A pretty little town with cobblestone streets lined with adobe buildings, a laid back lifestyle and the ruins of a once great Mayan city, Copán Ruinas is a delightful place to relax and get away from it all for a few days, weeks, months, or even years.
Copán Archeological Site
Located in Western Honduras, the area’s primary draw is the Copan Archaeological Site, located about half a mile from the town. It is an easy twenty minute walk along a paved walkway running alongside the highway or a short $1 tuk-tuk ride. At the ticket office, you can buy a ticket (good for one day) to the ruins ($15), the archeological tunnels ($15 and overpriced) and the Museum of Sculpture ($7).
A small bookstore next to the ticket booth sells books about the site – pick up a copy of History Carved in Stone by Fash and Agurcia Fasquelle. English speaking guides are available ($25/group for a two hour tour), well worth it if you go in a group, but make sure you talk to the guide first to test out his English. The entrance plaza also contains a cafe (try their baleadas, a sort of Honduran taco) and a handicrafts shop, though you are better off saving your money for the better articles sold in town.
Between the 5th and the 9th centuries, Copán was the site of the great Mayan kingdom of Xukpi, known for its monumental buildings covered with hieroglyphics. By the late 9th Century, the Xukpi civilization had come to an end, possibly because of the depletion of natural resources caused by unsustainable growth, and Copán disappeared back into the jungle, where it was forgotten until the early 19th Century.
Though little of the monumental buildings remain, the many hieroglyphic details, stelae (gravestones of many Copán kings) and sculptures that survive make Copán one of the most rewarding Mesoamerican sites to visit. Go early and you’ll have the place to yourself except for the many colorful macaws that fly, fight and play amongst the ruins.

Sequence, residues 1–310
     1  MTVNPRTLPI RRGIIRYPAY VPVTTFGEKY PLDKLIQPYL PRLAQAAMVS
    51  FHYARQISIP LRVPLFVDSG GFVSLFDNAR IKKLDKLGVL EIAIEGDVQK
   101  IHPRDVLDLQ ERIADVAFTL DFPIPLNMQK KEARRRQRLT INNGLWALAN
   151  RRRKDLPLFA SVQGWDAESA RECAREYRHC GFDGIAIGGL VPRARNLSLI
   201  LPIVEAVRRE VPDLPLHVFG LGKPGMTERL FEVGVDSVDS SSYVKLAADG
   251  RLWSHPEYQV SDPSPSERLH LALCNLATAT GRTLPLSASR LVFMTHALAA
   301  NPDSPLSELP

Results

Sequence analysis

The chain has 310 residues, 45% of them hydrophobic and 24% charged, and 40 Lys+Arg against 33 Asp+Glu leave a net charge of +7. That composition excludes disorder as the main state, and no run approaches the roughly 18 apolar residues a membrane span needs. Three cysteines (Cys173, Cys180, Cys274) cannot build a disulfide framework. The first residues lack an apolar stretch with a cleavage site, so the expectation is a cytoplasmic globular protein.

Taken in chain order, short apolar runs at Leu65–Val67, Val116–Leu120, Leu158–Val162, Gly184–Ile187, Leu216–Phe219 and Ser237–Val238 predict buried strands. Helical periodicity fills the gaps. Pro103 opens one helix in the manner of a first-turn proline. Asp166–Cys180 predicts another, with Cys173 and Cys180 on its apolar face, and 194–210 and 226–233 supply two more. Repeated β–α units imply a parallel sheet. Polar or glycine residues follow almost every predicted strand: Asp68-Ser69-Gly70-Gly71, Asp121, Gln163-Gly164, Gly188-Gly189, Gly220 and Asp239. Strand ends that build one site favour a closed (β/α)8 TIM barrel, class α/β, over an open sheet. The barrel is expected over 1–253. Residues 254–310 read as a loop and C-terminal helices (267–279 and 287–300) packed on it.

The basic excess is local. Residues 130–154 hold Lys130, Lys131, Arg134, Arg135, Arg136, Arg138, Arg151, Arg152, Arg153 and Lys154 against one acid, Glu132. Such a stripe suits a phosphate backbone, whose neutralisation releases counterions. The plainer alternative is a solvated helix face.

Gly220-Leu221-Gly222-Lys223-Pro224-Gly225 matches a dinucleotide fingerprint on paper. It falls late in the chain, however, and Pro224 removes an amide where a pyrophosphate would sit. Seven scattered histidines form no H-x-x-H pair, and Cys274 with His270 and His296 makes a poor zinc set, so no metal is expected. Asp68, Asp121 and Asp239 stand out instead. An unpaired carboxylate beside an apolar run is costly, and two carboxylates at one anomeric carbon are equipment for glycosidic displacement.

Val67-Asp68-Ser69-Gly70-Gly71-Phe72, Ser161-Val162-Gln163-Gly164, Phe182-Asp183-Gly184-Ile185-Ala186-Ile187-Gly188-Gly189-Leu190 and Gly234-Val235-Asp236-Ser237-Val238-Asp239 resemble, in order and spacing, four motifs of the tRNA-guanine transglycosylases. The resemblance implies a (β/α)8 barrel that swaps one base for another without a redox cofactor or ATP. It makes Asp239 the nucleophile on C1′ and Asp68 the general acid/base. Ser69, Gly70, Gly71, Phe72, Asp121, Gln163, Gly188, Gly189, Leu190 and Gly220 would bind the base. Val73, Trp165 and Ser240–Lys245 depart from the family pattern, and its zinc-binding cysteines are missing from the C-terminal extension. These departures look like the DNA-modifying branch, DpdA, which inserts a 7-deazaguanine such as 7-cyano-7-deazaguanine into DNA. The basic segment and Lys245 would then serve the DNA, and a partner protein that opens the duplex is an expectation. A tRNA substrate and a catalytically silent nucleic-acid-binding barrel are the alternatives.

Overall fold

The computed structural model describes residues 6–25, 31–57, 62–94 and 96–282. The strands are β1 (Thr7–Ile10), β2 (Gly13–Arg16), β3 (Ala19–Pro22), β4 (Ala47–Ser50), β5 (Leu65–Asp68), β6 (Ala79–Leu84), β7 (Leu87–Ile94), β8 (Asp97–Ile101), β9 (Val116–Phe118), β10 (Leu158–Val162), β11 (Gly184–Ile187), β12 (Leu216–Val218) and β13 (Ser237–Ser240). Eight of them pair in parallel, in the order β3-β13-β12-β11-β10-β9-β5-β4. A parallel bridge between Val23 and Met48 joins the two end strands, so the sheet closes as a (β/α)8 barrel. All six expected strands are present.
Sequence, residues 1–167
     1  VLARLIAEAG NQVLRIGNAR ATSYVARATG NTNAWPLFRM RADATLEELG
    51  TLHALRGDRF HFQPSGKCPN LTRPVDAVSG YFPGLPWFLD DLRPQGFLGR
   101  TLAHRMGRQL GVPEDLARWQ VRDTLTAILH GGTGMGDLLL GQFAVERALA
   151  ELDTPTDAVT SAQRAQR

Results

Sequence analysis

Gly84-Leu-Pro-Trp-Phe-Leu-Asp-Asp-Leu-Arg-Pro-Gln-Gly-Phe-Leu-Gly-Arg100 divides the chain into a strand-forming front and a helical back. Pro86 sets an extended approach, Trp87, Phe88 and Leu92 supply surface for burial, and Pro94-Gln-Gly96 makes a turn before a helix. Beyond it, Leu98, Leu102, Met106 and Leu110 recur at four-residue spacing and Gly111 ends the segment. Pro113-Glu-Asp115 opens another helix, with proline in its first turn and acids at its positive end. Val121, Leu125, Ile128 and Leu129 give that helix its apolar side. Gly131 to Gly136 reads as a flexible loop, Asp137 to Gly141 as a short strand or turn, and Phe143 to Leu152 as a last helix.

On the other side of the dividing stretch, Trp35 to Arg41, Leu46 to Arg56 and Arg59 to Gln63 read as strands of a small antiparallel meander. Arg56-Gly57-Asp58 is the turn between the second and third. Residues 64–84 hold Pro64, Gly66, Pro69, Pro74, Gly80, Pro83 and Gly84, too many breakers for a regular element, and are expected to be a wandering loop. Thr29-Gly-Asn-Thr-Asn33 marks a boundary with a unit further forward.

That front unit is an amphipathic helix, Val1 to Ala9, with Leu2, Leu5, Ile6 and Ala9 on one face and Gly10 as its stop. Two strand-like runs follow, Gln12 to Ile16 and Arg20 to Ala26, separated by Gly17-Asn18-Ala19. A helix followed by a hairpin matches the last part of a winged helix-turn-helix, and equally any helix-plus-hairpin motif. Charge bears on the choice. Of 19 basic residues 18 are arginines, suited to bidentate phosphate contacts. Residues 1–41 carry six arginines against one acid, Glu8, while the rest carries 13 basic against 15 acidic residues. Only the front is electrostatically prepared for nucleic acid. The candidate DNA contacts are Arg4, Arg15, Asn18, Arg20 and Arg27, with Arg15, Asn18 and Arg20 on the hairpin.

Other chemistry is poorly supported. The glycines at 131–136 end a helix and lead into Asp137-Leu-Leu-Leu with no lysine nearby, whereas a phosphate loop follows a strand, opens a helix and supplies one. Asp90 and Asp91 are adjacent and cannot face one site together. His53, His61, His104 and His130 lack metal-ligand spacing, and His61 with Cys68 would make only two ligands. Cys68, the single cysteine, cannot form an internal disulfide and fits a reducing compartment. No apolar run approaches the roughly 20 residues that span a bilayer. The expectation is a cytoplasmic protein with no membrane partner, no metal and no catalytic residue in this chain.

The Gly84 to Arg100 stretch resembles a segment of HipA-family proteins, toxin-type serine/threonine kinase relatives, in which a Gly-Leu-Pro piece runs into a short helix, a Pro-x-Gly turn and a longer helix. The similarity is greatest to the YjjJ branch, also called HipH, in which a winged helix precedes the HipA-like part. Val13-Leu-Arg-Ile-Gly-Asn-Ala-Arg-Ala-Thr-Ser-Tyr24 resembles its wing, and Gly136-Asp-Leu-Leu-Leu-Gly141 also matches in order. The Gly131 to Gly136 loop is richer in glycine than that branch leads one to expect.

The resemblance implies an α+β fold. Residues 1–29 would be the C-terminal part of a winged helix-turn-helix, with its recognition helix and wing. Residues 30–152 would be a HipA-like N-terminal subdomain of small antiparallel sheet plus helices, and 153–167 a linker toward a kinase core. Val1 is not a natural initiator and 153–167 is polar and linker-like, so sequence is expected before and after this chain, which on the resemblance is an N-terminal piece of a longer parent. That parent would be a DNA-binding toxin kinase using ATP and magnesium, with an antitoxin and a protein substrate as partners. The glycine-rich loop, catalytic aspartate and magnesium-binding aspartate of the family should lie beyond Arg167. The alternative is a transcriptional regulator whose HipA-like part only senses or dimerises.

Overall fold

The ruins are divided into three parts: the plaza, the Acropolis, and the East and West courts. Start at the plaza with its stelae, many of 18 Rabbit, the thirteenth Copán king whose defeat signaled the end of the kingdom. Colorful macaws fly up and down the plaza as if guarding the many spirits buried there. At the southeast end of the plaza is a Mayan ball court and the remains of a grand staircase with its hieroglyphics intact. A path from the southwest leads up to the Acropolis, with great views of the plaza and the East and West courts.
The East court contains the Rosalila temple, a temple constructed in 571 AD by King Moon Jaguar. The temple is mostly buried but a tunnel (tickets available at the entrance plaza) provides access for a rather blurred look from behind plexiglass shields at the buried exterior of the building. The same ticket provides access to a longer tunnel in the East court that is kind of fun to walk through but provides little insight into the ruins. The West Court contains a copy of a fascinating altar with beautiful carvings of the first 16 kings of Xukpi, each handing what looks like a baton to the next ending at Yax Pac, the 16th king. The original is found in the Museum of Sculpture.